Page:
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Thursday, July 11, 2013

Shootout in Weehawken

On July 11, 1804, Alexander Hamilton and Aaron Burr were rowed across the Hudson River so that they could shoot at each other. This, in 1804, seemed like a fine way to settle one's differences.

In our new book, Footprints in New York: Tracing the Lives of Four Centuries of New Yorkers (Lyons Press), one chapter concerns the duel:
According to the Code Duello, gentlemen only needed to meet on the field of honor and delope, or discharge their weapons. They could shoot into the ground and the debt would be satisfied. 
Hamilton had resolved before the duel that he would not shoot Burr. In a letter discovered with his will after his death, Hamilton had written: “if our interview is conducted in the usual manner, and it pleases God to give me the opportunity, [I will] reserve and throw away my first fire, and I have thoughts even of reserving my second fire.” 
The two men arrived in Weehawken about half an hour apart. Burr and his party, including his second William P. Van Ness, got there first and began clearing the dueling grounds. Hamilton, Nathaniel Pendleton, and David Hosack, a physician, arrived around seven in the morning. By prearrangement, the seconds were to keep their backs turned away from Hamilton and Burr. Since dueling was illegal, this would give them the chance, if questioned, to say they hadn’t seen anything. 
Hamilton, as the challenged, had brought the pistols, and he was given the choice of his weapon. Hamilton took his time getting into position. He cleaned his glasses. He repeatedly tested his aim. Was this a show of nerves—or was he trying to provoke Burr? The pistols belonged to Hamilton’s brother-in-law, and he may have had the opportunity to practice with them. Did that give him an unfair advantage? Even if it did, it turned out not to matter.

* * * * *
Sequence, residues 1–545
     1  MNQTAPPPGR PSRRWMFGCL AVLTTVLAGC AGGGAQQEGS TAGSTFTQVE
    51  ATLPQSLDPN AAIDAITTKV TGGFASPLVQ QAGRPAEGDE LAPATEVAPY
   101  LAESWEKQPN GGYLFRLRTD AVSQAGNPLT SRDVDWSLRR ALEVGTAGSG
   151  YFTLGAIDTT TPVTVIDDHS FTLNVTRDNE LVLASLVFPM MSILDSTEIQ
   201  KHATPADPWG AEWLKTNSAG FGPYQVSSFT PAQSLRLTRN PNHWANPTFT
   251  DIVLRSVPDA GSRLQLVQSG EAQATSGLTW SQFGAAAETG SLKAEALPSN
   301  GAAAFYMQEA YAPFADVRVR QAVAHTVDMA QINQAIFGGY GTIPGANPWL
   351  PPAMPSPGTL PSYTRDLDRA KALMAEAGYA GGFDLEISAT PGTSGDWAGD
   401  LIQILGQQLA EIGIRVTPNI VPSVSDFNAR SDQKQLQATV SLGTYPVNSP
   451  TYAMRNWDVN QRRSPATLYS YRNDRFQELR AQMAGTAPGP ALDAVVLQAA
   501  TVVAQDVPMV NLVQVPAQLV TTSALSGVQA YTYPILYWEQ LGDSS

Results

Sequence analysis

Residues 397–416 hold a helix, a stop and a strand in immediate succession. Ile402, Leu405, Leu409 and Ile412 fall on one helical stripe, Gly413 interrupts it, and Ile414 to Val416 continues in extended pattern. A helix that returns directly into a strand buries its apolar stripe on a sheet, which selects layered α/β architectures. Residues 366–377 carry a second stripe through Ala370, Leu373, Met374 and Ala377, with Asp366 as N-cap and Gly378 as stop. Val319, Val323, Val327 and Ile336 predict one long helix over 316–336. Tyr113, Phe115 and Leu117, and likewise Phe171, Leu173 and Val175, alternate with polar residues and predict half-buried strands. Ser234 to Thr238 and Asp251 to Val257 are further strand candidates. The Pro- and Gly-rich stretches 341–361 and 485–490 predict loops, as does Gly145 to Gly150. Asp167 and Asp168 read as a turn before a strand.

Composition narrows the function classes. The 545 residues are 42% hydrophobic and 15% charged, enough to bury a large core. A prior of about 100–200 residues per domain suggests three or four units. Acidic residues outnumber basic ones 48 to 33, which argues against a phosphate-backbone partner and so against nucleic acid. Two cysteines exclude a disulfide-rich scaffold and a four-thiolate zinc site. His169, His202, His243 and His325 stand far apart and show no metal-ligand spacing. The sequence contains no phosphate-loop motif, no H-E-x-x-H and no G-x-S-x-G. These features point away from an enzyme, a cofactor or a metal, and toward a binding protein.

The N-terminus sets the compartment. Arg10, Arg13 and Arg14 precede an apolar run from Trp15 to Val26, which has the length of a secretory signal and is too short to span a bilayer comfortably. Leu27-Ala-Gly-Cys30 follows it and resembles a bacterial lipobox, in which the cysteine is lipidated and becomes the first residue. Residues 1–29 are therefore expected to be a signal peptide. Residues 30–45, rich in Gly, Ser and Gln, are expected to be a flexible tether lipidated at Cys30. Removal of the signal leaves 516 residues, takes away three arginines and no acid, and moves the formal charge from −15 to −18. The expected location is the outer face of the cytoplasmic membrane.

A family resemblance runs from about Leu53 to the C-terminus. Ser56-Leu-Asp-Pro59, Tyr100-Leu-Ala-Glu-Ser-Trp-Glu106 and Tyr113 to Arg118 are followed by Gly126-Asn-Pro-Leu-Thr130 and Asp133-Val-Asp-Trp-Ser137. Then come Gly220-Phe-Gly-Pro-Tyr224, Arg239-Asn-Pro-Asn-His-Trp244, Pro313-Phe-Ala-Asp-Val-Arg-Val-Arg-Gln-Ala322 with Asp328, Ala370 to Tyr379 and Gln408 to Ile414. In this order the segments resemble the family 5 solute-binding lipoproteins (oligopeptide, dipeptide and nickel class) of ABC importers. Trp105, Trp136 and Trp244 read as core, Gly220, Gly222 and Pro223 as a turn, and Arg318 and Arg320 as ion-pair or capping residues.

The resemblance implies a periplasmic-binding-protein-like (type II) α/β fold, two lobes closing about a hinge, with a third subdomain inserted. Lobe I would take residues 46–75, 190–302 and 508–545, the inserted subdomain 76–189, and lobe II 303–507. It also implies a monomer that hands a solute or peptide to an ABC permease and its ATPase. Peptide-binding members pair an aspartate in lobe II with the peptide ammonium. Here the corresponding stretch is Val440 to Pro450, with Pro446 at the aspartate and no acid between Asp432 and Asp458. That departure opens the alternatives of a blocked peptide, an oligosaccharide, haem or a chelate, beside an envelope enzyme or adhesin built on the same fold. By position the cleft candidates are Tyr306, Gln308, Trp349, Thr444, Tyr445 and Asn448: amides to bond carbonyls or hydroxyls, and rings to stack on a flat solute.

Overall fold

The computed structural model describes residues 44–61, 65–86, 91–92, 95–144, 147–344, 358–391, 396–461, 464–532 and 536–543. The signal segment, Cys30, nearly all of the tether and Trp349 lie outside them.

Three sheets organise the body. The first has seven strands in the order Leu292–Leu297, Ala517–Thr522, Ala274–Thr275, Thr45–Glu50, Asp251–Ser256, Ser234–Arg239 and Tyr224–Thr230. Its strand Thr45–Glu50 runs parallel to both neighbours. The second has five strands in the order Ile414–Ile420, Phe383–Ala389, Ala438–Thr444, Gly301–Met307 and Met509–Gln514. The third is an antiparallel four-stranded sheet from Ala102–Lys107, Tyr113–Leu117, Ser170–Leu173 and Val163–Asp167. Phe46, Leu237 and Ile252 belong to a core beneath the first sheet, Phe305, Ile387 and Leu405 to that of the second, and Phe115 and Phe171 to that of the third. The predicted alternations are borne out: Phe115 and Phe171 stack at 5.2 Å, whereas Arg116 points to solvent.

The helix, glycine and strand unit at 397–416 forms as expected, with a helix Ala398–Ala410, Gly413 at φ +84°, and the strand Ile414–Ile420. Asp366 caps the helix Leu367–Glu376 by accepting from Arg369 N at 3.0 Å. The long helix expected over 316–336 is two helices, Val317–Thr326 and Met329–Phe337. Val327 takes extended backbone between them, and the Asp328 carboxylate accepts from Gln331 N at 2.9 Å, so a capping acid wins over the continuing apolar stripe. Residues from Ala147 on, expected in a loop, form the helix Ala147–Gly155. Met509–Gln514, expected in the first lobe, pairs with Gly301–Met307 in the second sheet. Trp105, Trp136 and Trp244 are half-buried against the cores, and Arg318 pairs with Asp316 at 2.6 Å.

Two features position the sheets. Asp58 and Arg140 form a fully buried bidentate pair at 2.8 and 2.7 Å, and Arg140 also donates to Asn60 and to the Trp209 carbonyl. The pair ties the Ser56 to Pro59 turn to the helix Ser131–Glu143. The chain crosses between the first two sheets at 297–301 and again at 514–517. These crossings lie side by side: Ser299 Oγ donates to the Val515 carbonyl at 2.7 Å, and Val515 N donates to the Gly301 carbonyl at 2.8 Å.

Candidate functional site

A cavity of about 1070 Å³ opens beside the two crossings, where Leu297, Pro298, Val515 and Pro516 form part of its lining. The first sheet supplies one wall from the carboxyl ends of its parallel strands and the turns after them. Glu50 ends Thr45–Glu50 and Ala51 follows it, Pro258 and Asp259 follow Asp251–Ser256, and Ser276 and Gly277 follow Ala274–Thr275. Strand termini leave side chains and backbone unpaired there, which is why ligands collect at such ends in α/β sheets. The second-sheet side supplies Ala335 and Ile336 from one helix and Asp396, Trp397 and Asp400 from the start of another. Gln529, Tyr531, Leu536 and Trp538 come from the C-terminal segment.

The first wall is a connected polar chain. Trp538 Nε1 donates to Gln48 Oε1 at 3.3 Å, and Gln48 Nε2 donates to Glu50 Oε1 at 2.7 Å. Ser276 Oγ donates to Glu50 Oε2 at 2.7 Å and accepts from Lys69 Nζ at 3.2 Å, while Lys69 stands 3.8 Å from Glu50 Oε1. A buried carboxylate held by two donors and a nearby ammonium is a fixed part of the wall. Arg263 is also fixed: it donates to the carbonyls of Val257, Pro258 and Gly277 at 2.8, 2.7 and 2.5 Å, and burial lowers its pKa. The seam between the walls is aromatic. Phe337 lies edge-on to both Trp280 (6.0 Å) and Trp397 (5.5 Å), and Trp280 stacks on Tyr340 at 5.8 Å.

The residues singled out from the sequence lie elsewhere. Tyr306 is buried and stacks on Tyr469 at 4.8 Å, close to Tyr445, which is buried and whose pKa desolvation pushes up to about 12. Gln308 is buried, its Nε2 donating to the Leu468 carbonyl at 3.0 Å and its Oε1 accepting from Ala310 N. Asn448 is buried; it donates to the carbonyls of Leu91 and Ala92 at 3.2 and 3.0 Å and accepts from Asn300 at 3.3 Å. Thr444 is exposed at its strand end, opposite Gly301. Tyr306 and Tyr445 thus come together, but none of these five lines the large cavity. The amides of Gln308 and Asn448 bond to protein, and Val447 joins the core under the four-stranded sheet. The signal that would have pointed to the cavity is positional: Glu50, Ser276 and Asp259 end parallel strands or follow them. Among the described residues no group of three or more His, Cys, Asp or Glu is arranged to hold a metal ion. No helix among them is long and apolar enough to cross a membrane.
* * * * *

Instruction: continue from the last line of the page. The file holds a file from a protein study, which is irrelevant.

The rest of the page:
Hamilton fired first. His bullet flew above Burr’s head, lodging in a cedar tree. 
Then Burr fired. His aim was true, and his shot lodged in Hamilton’s spine, having first lacerated his liver. Doctor Hosack, waiting nearby, recalled later: "I found him half sitting on the ground, supported in the arms of Mr. Pendleton. His countenance of death I shall never forget. He had at that instant just strength to say, 'This is a mortal wound, doctor,' when he sunk away, and became to all appearance lifeless…."

Hamilton wasn’t dead—not yet. He was ferried across the river to the home of his friend William Bayard on Jane Street. Bayard was from one of the oldest and richest families in the city—he was the great-great-great nephew of Judith Bayard, wife of Peter Stuyvesant—and owned vast property in what is now Greenwich Village. Hamilton was carried to a second-floor bedroom where Dr. Hosack attended to him. A rider was dispatched to the Grange to fetch Eliza—but only to tell her that Hamilton was suffering from “spasms.” He had hidden the duel from her in advance, but he could hide it no longer.
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Read more about the American Revolution and Alexander Hamilton in

If you haven't had a chance to pick up a copy of Footprints yet,
you can order it from your favorite online retailers (AmazonBarnes & Nobleetc.) or
from independent bookstores across the country.

And, of course, Inside the Apple is available at fine bookstores everywhere.

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